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function using_counters()
% Manopt example on how to use counters during optimization. Typical uses,
% as demonstrated here, include counting calls to cost, gradient and
% Hessian functions. The example also demonstrates how to record total time
% spent in cost/grad/hess calls iteration by iteration.
%
% See also: statscounters incrementcounter statsfunhelper
% This file is part of Manopt: www.manopt.org.
% Original author: Nicolas Boumal, July 27, 2018.
% Contributors:
% Change log:
rng(0);
% Setup an optimization problem to illustrate the use of counters
n = 1000;
A = randn(n);
A = .5*(A+A');
manifold = spherefactory(n);
problem.M = manifold;
% Define the problem cost function and its gradient.
%
% Since the most expensive operation in computing the cost and the
% gradient at x is the product A*x, and since this operation is the
% same for both the cost and the gradient, we use the caching
% functionalities of manopt for this product. This function ensures the
% product A*x is available in the store structure. Remember that a
% store structure is associated to a particular point x: if cost and
% egrad are called on the same point x, they will see the same store.
function store = prepare(x, store)
if ~isfield(store, 'Ax')
store.Ax = A*x;
% Increment a counter for the number of matrix-vector products
% involving A. The names of the counters (here, Aproducts) are
% for us to choose: they only need to be valid structure field
% names. They need not have been defined in advance.
store = incrementcounter(store, 'Aproducts');
end
end
%
problem.cost = @cost;
function [f, store] = cost(x, store)
t = tic();
store = prepare(x, store);
f = -.5*(x'*store.Ax);
% Increment a counter for the number of calls to the cost function.
store = incrementcounter(store, 'costcalls');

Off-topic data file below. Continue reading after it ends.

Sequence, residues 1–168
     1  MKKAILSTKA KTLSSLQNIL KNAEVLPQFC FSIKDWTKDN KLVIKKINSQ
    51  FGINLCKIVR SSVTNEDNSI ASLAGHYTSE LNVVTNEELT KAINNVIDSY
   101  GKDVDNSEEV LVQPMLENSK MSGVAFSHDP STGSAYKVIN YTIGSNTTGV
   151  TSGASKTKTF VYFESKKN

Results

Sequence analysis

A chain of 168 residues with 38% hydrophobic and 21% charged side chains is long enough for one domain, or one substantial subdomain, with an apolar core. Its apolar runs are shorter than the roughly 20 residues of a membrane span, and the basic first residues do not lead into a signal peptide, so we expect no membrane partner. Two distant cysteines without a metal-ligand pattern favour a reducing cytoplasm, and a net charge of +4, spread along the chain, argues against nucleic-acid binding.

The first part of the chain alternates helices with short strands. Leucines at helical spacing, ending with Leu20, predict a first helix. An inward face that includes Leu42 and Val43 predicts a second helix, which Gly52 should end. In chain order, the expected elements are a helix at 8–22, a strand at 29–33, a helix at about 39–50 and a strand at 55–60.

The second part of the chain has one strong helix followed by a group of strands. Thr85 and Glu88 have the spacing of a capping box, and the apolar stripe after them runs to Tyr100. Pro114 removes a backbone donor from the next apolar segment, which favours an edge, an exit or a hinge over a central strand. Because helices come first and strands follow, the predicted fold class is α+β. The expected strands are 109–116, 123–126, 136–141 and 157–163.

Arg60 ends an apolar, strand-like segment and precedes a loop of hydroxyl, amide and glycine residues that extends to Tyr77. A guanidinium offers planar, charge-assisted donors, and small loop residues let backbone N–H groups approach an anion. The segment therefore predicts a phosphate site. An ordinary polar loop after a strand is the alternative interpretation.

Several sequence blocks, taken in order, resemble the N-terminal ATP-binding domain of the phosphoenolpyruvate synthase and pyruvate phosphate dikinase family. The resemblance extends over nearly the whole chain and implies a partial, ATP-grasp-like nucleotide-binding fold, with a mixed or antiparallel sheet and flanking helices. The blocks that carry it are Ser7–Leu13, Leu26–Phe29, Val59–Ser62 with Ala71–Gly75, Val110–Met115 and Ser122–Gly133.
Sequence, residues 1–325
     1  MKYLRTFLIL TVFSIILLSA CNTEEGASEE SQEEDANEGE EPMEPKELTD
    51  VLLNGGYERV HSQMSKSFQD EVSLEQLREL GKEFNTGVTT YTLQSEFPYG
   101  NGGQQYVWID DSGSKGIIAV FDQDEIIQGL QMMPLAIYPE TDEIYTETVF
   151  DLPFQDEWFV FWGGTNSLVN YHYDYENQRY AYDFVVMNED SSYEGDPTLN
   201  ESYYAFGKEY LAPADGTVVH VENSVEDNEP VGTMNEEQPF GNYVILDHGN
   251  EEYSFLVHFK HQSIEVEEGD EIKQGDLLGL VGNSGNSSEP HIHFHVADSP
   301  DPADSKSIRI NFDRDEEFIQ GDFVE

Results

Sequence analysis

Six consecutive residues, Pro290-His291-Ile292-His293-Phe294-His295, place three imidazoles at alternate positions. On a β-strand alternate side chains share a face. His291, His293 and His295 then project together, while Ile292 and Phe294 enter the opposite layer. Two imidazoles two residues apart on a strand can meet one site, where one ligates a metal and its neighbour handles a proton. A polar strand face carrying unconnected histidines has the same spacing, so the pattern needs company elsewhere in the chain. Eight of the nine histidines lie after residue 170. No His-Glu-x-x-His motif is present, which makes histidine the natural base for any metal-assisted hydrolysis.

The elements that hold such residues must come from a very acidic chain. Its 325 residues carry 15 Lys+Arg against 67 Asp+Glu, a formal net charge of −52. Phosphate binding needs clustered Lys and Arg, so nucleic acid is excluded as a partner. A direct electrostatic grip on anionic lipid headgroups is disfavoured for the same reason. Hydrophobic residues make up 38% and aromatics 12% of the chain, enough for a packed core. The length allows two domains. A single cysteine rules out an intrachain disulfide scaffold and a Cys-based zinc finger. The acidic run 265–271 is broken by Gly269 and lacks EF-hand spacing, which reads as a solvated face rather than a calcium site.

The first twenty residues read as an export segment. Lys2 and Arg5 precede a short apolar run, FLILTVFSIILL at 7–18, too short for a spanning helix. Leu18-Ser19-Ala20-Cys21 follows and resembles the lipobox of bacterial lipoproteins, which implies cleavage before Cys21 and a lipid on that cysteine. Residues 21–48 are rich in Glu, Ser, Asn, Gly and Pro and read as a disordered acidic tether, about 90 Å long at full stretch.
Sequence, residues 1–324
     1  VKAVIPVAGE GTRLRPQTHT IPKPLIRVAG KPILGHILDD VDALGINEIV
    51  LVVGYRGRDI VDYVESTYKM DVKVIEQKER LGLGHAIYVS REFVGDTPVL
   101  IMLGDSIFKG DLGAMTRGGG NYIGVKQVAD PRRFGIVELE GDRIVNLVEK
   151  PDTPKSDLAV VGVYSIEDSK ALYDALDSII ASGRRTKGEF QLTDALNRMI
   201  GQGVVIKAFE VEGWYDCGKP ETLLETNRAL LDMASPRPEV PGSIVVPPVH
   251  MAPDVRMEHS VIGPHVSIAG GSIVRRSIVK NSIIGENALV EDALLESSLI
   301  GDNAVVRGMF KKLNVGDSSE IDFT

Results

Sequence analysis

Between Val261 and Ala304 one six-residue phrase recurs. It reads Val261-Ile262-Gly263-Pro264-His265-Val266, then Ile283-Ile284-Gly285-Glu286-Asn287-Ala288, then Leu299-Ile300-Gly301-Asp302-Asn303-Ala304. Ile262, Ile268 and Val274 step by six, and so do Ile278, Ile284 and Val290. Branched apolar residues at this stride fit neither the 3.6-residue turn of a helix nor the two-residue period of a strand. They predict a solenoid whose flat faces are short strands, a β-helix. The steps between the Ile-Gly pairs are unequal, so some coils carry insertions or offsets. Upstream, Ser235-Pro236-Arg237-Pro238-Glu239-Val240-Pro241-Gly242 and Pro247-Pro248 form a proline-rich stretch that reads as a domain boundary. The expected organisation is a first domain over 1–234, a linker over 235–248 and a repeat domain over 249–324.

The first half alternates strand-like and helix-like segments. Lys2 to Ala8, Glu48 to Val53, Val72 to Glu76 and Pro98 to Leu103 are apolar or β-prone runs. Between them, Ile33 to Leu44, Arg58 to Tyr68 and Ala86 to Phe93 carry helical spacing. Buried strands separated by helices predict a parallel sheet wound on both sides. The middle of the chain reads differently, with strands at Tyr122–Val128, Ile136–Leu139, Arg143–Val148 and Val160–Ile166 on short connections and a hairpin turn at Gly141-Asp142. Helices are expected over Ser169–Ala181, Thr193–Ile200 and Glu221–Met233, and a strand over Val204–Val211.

% We also increment a counter with the amount of time spent in this
% function (all counters are stored as doubles; here we exploit
% this to track a non-integer quantity.)
store = incrementcounter(store, 'functiontime', toc(t));
end
%
problem.egrad = @egrad;
function [g, store] = egrad(x, store)
t = tic();
store = prepare(x, store);
g = -store.Ax;
% Count the number of calls to the gradient function.
store = incrementcounter(store, 'gradcalls');
% We also record time spent in this call, atop the same counter as
% for the cost function.
store = incrementcounter(store, 'functiontime', toc(t));
end
%
problem.ehess = @ehess;
function [h, store] = ehess(x, xdot, store) %#ok<INUSL>
t = tic();
h = -A*xdot;
% Count the number of calls to the Hessian operator and also count
% the matrix-vector product with A.
store = incrementcounter(store, 'hesscalls');
store = incrementcounter(store, 'Aproducts');
% We also record time spent in this call atop the cost and gradient.
store = incrementcounter(store, 'functiontime', toc(t));
end
% Setup a callback to log statistics. We use a combination of
% statscounters and of statsfunhelper to indicate which counters we
% want the optimization algorithm to log. Here, stats is a structure
% where each field is a function handle corresponding to one of the
% counters. Before passing stats to statsfunhelper, we could decide to
% add more fields to stats to log other things as well.
stats = statscounters({'costcalls', 'gradcalls', 'hesscalls', ...
'Aproducts', 'functiontime'});
options.statsfun = statsfunhelper(stats);
% As an example: we could set up a stopping criterion based on the
% number of matrix-vector products. A short version:
% options.stopfun = @(problem, x, info, last) info(last).Aproducts > 250;